United States District Court, E.D. Missouri, Eastern Division
MEMORANDUM AND ORDER
C. HAMILTON UNITED STATES DISTRICT JUDGE.
matter is before the Court Plaintiff's Motion to Remand
(ECF No. 14) filed April 30, 2019. The motion is fully
briefed and ready for disposition.
manufactures and sells ocular nutritional supplements
marketed to athletes and nonathletes who want to improve
their vision. (ECF No. 4 ¶ 5). Defendant is a direct
competitor of Plaintiff and sells ocular nutritional
supplements. Id. On February 22, 2019, the Plaintiff
filed a lawsuit in the St. Louis County Circuit Court. (No.
19SL-CC00793). Plaintiff brings two counts seeking injunctive
relief against the Defendant. Count I alleges trademark
infringement pursuant to Missouri Common Law and seeks an
order enjoining future infringement. Count II alleges
misrepresentations and threatening statements on the part of
the Defendant and seeks injunctive relief. Neither account
appears to seek monetary damages.
April 8, 2019, the Defendant filed Notice of Removal. (ECF
No. 1). The Defendant argues that the value of the litigation
exceeds $75, 000.00. Id. Neither party contests that
parties are diverse. The only dispute is as to the amount in
controversy. On April 15, 2019, the Defendant filed a Motion
to Dismiss for Lack of Jurisdiction. (ECF No. 7). On April
30, 2019, the Plaintiff filed a Motion to Remand this case to
State Court to the Circuit Court of St. Louis County. (ECF
28 U.S.C. § 1441(a), a defendant may remove to this
Court “any civil action brought in a State court of
which the district courts of the United States have original
jurisdiction.” Under 28 U.S.C. § 1332(a), district
courts have original jurisdiction over all civil actions
where the matter in controversy exceeds the value of
seventy-five thousand dollars ($75, 000.00), exclusive of
interests and costs, and involves a controversy between
citizens of different states.
is well settled that on a Motion to Remand, the burden of
establishing federal subject matter jurisdiction lies with
the removing party.'” Riffert v. Walgreen
Co., 4:07CV1912 JCH 2008 WL 495643, at *1 (E.D. Mo. Feb.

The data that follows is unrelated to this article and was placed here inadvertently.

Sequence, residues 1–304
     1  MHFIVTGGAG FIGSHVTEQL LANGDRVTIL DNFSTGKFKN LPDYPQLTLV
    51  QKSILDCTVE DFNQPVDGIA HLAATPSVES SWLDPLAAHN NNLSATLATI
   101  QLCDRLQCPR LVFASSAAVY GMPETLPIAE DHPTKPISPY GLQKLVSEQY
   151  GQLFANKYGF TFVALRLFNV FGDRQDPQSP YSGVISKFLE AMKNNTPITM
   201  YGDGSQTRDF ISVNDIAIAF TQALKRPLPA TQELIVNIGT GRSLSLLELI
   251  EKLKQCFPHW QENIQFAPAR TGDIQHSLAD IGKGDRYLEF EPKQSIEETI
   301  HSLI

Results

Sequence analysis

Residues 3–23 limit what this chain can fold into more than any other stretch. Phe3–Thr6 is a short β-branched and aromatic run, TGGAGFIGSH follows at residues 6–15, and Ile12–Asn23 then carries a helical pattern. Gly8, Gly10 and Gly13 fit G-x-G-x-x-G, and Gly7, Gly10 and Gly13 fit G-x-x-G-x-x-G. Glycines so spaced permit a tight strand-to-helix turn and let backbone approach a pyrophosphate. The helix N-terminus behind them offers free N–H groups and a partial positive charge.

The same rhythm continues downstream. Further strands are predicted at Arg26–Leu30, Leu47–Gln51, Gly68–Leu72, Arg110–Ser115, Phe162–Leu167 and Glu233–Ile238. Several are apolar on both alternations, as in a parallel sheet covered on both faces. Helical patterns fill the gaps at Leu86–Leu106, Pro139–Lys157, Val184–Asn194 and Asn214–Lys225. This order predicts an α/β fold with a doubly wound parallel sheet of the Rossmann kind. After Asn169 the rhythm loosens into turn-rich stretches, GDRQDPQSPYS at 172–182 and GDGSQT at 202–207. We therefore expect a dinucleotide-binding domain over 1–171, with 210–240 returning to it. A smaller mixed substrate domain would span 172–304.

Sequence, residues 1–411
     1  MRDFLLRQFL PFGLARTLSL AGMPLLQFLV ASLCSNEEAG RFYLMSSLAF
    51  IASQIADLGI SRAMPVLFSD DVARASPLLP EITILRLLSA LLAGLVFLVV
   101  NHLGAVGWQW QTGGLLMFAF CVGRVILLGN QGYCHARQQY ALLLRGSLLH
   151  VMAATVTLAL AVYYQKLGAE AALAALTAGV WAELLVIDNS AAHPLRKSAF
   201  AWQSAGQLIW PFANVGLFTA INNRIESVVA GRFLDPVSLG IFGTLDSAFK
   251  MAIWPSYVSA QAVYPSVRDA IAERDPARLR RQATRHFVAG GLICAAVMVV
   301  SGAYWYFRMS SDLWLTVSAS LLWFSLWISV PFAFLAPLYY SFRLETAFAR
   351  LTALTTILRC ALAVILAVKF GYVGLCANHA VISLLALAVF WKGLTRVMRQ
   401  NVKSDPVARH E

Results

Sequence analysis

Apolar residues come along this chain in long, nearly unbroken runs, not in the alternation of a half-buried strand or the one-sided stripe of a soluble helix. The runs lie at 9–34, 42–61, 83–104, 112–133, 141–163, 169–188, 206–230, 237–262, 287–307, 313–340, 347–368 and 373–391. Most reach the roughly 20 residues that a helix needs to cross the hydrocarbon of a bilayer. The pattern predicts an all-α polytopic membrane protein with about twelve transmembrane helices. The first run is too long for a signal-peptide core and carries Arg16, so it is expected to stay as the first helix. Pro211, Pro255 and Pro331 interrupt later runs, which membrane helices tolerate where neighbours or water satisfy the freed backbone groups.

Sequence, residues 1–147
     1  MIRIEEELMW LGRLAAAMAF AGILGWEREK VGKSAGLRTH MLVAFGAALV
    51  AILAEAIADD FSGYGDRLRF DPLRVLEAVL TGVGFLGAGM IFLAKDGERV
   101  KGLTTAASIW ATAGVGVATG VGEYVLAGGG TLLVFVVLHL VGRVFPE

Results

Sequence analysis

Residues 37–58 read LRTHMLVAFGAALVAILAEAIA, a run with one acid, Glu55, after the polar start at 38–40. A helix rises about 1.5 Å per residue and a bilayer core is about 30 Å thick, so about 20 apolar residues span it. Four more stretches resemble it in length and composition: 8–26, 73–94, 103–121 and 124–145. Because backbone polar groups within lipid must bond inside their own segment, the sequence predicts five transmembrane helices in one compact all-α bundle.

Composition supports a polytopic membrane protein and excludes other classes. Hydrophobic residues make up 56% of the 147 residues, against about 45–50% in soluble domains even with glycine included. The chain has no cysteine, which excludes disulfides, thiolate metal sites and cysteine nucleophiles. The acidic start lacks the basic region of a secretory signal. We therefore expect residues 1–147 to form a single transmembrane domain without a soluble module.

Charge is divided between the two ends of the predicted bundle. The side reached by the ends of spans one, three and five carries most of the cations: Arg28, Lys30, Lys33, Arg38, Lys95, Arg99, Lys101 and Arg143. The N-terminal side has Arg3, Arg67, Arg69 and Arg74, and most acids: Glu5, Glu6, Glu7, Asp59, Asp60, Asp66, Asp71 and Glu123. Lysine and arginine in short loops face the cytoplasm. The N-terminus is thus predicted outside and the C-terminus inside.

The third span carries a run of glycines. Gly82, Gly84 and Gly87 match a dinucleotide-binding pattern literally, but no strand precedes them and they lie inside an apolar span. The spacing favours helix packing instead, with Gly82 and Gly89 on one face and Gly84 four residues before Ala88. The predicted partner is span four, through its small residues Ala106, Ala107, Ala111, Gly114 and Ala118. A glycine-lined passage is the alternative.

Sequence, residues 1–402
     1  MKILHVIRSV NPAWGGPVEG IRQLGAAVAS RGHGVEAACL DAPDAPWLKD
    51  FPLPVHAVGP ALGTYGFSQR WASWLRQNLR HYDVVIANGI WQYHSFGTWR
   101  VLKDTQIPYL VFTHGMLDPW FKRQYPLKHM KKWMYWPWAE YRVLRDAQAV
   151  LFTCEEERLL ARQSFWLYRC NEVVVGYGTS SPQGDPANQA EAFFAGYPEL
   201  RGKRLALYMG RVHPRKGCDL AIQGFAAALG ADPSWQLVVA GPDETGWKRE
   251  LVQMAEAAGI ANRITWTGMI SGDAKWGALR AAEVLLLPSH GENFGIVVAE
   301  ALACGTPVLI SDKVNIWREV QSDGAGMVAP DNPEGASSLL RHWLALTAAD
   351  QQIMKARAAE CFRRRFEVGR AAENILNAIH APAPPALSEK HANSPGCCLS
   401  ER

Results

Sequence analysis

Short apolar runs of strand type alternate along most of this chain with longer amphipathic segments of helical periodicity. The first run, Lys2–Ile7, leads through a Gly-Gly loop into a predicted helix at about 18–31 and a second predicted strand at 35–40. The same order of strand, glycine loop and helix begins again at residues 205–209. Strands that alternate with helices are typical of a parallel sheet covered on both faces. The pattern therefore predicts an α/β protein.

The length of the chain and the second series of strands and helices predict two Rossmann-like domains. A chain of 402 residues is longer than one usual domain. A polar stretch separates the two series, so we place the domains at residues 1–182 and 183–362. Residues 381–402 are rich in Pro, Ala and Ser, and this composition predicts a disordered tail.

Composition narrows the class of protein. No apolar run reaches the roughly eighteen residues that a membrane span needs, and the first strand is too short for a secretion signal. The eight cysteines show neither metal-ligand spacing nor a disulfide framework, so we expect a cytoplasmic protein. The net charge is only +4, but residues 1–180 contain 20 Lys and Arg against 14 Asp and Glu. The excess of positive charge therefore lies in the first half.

20, 2008) (quoting Rolwing v. NRM Corp., 1:05CV81
FRB 2005 WL 1828813, at *2 (E.D. Mo. Aug. 2, 2005)). Federal
courts strictly construe the amount in controversy
requirement to limit their diversity caseload and resolve all
doubts about federal jurisdiction in favor of remand.
Logan v. Value City Dept. Stores, LLC, 4:08CV19 CAS
2008 WL 1914168, at *1 (E.D. Mo. Apr. 28, 2008); In re
Business Men's Assur. Co. of America, 992 F.2d 181,
183 (8th Cir. 1993). Further, the Eighth Circuit
has held that where a complaint alleges no specific amount of
damages or an amount under the jurisdictional minimum, the
removing party, “must prove by a preponderance of the
evidence that the amount in controversy exceeds $75,
000.” In re Minnesota Mut. Life Ins. Co. Sales
Practices Litigation, 346 F.3d 830, 834 (8th
Cir. 2003) (citing Trimble v. Asarco, Inc., 232 F.3d
946, 959 (8th Cir. 2000)). The Eighth Circuit
further has held that, “[t]his amount-in-controversy
requirement is satisfied when a fact finder could legally
conclude, from the pleadings and the proof adduced to the
court before trial, that the damages that the plaintiff
suffered are greater than $75, 000.” Capitol
Indemnity Corp. v. 1405 Assoc., Inc., 340 F.3d 547, 549
(8th Cir.2003) (internal quotations and citation omitted).
See also Kopp v. Kopp, 280 F.3d 883, 885 (8th
Cir.2002) (“The jurisdictional fact in this case is not
whether the damages are greater than the requisite amount,
but whether a fact finder might legally conclude that they
are....”). “Once the removing party has
established by a preponderance of the evidence that the
jurisdictional minimum is satisfied, remand is only
appropriate if the plaintiff can establish to a legal
certainty that the claim is for less than the requisite
amount.” Bell v. Hershey Co., 557 F.3d 953,
956 (8th Cir. 2009) (citation omitted).
Eighth Circuit law, “ ‘[i]n actions seeking
declaratory or injunctive relief, it is well established that
the amount in controversy is measured by the value of the
object of the litigation.”' Kramper, 393 F.3d
at 833, quoting Hunt v. Wash. State Apple Adver.
Comm'n, 432 U.S. 333, 347 (1977).The Eight Circuit
has observed that the viewpoint of the plaintiff must test
that amount in controversy. Massachusetts State Pharm
Ass'n v. Fed. Prescription Serv., Inc., 431 F.2d
130, 132 n.1 (8th Cir. 1970). The amount in controversy in
cases involving trademark and tradename may be determined by
the value to the plaintiff of the good will associated with
the mark or name. See, Lane Bryant, Inc. v.
Glassman, 95 F.Supp. 320, 323 (E.D. Mo. 1951). This is
the case even if the Defendant will incur costs in excess of
$75, 000.00 if the requested relief is granted. See,
Price v. Cybertel Cellular Tel. Co., No. 4:06CV1640 FRB,
2007 WL 144586, at *3 (E.D. Mo. May 14, 2007).
valuing this case, the Defendant submitted that the amount in
controversy in this action exceeds the amount in controversy
(1) The Petition includes two causes of action: unfair
competition and injunctive relief which both seek injunctive
(2) Count I contends that Defendant interfered with
Plaintiff's “‘longstanding use, substantial
sales, significant advertising, and promotional
activities,' which resulted in ‘substantial
goodwill and reputation to [Plaintiff]'s business under
the  trademark is of enormous value'” (ECF No. 1
at 3), and that as a result of Defendant's use the
Defendant harmed Plaintiff's “ ‘valuable
goodwill' and ‘significant goodwill' and will
continue to cause substantial actual damages and irreparable
injury to [Plaintiff]. Id.
(3) Count II alleges that Defendant engaged in actions which
“has and will cause serious irreparable injury to
Plaintiff through the loss of ...